Display strategies should change to accommodate riper fruit that’s more tender and prone to bruising, explains Serna. Stores that take delivery of mangos once a week may need to consider twice weekly deliveries. “Retailers should use every opportunity to let customers know their produce is ripe and ready to eat,” she says. “As an impulse buy, most consumers want to enjoy mangos as soon as they get them home. In an age when competition is fierce, offering perfectly ripe fruit – consistently – will increase shopper loyalty.”
Promoting the availability of ready-to-eat produce is an important part of engaging consumers and can be achieved through stickers on the product or through on-shelf promotions, explains Del Monte Fresh’s Reyes. “It is important to consistently display ready-to-eat fruit as to engage and attract consumers,” she says. “Building consumer confidence is essential in creating a successful ready-to-eat program.”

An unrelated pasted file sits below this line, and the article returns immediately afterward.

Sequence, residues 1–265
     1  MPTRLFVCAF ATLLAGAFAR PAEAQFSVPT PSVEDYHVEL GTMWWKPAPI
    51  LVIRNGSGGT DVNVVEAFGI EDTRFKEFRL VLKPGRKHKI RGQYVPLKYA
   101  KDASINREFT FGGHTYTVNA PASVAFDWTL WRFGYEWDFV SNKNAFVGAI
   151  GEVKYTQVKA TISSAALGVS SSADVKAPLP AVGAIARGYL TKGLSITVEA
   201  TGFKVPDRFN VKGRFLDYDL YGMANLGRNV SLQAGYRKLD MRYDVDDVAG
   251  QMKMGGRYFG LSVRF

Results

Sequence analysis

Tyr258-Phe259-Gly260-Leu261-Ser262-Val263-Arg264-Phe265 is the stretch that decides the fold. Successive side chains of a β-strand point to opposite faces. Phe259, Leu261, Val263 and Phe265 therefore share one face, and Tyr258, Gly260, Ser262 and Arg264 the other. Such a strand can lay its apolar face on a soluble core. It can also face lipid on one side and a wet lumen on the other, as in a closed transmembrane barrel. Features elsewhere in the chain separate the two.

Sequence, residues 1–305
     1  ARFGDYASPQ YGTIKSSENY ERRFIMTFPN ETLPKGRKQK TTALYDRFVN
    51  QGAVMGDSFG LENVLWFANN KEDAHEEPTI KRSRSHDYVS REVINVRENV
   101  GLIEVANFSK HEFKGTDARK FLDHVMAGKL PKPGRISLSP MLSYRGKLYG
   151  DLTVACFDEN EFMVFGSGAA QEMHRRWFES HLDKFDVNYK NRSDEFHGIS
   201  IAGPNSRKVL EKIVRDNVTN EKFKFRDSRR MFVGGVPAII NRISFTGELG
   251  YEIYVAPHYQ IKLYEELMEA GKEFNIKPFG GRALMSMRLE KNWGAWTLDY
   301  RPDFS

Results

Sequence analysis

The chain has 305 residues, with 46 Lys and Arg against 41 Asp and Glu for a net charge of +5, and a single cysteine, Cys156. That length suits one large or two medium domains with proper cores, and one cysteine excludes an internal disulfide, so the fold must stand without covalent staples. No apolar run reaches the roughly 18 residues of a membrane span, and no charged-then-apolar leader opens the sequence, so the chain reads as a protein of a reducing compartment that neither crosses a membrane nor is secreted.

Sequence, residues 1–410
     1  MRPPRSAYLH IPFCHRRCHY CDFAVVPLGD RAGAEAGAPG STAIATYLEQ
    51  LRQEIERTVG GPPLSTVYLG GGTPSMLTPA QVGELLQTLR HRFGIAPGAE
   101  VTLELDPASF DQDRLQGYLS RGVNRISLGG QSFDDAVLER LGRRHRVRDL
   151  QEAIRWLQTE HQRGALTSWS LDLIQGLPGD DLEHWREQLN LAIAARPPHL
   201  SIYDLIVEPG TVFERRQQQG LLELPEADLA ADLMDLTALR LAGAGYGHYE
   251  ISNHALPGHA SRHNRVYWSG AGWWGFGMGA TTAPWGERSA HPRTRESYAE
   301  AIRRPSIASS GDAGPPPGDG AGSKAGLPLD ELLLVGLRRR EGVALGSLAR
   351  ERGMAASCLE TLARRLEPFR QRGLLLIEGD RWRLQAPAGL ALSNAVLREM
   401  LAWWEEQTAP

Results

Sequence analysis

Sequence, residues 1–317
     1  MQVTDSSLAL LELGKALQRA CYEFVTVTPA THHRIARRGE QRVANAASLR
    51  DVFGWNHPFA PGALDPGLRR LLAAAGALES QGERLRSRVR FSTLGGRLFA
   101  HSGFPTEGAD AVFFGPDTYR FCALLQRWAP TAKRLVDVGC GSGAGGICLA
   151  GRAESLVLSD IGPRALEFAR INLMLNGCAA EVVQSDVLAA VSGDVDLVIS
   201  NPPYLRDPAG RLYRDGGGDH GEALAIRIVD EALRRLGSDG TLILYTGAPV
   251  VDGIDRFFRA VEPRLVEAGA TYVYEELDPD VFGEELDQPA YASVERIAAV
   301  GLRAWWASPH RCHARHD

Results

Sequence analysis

It’s also important to work with produce managers and ensure proactive approaches to guarantee the ripest product is located at the top of the display, within easiest reach of the consumer, advises Reyes. “Education for produce managers about the program and the impact this may have on display management and produce rotation are also an important consideration,” she says.
Balancing Shrink And Sales
Internal and third-party programs help retailers ripen fruit and give shoppers purchase options. The choice of which way to go involves the retailers’ volume. “For most retailers, the decision starts with understanding available capacity in their banana rooms,” says Serna. They should also review their overall ripening portfolio. If they experience success ripening bananas, avocados or pears, mangos should be the next step, she advises.
Fruit is meant to be sold, not displayed, observes Serna. “For a retailer with a ripening program, every merchandising decision and practice should facilitate brisk sales and rotation of the fruit so shrink does not present a challenge,” she says. Success in mango ripening depends on temperature management from the farm to the basket, Serna adds.